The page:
(Babylonian) lions, (Asian) tigers, and (Russian) bears: A statistical test of three rivalrous paths to conflict

Paul A. Kowert, Cameron G. Thies

Research output: Research - peer-reviewArticle

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Abstract

Structural theories of international relations anticipate no meaningful differences of kind, as opposed to capabilities, among states. Empirical investigations of enduring and strategic rivalries hint at a distinction, however, between states that see themselves as potential rivals and those that do not. Constructivists go further, suggesting that the roles adopted by states during their interactions are the result of varying underlying images of threat. This paper develops the theoretical claim that three different images of threat may produce distinct kinds of rivalry and thereby three paths to militarised interstate conflict. Each image of threat is rooted in a different normative context: strategic threats are associated with violations of the enforcement of Hobbesian cooperative security arrangements; competitive threats are associated with violations of fairness or reasonableness standards in Lockean exchange relationships; and institutional threats are associated with violations of the basis for commitment to Kantian communities of peace. A logistic regression analysis of Correlates of War data, combined with other data relevant to the three threat images, provide empirical support for each of these rivalrous paths to conflict.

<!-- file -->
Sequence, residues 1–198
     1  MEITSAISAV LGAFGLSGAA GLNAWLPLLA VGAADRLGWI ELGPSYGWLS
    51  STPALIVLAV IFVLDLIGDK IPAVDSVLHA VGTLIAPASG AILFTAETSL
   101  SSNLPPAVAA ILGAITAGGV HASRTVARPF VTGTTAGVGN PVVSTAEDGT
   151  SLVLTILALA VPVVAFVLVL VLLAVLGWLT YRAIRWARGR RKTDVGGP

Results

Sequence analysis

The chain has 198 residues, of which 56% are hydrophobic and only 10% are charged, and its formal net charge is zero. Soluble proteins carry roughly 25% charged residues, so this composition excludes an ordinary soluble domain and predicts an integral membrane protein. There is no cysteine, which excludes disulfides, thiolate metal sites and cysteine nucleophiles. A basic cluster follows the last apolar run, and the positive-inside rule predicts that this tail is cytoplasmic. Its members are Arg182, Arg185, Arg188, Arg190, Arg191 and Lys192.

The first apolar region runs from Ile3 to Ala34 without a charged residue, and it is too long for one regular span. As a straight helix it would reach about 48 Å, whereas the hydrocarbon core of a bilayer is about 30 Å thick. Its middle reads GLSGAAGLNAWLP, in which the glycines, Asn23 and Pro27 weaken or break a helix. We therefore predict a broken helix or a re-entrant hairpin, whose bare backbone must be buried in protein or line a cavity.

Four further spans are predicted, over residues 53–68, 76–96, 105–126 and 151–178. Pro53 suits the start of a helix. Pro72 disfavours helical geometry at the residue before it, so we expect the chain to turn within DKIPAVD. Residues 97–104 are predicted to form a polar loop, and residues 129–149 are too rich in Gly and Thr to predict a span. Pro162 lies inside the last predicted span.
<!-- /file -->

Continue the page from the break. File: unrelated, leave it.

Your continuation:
LanguageEnglish (US)
Pages406-433
Number of pages28
JournalJournal of International Relations and Development
Volume16
Issue number3
DOIs
StatePublished - Jul 2013
Externally publishedYes

Fingerprint

statistical test
threat
test
conflict
international relations
logistics
regression analysis
reasonableness
enforcement
fairness
peace
commitment
interaction
community

Keywords

  • conflict
  • constructivism
  • Correlates of War
  • foreign policy images
  • rivalry
  • threat

ASJC Scopus subject areas

  • Geography, Planning and Development
  • Development
  • Political Science and International Relations

Cite this

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